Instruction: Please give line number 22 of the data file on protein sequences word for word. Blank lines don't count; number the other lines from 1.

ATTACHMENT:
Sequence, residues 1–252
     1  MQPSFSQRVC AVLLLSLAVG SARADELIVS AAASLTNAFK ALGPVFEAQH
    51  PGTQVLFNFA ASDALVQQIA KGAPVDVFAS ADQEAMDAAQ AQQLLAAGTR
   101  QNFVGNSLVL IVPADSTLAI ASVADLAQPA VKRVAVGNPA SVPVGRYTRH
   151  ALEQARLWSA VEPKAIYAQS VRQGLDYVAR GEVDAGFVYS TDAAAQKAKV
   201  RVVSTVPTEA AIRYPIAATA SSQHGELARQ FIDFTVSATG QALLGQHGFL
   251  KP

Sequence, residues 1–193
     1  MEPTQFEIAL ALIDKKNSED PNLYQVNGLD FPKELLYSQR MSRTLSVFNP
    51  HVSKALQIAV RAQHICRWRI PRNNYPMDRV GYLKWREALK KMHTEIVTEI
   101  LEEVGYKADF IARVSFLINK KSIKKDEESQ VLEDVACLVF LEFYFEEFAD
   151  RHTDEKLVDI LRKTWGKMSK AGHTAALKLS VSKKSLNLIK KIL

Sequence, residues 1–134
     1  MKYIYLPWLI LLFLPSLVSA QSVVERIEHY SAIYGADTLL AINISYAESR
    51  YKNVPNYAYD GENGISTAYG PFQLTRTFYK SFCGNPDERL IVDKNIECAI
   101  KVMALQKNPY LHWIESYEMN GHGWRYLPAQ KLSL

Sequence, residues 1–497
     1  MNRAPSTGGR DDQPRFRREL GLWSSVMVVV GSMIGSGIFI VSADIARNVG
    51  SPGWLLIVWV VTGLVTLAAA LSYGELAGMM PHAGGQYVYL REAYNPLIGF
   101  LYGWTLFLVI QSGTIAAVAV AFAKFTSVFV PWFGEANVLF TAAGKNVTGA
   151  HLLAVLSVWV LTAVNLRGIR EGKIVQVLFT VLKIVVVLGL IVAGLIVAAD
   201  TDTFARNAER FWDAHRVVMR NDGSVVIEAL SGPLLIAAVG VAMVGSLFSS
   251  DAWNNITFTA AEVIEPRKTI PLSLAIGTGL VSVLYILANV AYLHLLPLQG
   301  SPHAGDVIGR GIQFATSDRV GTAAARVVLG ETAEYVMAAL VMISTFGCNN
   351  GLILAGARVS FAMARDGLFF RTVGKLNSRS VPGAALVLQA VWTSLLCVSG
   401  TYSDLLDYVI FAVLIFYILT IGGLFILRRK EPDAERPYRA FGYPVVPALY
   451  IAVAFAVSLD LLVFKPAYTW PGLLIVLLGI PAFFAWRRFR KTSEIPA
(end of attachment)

   201  TDTFARNAER FWDAHRVVMR NDGSVVIEAL SGPLLIAAVG VAMVGSLFSS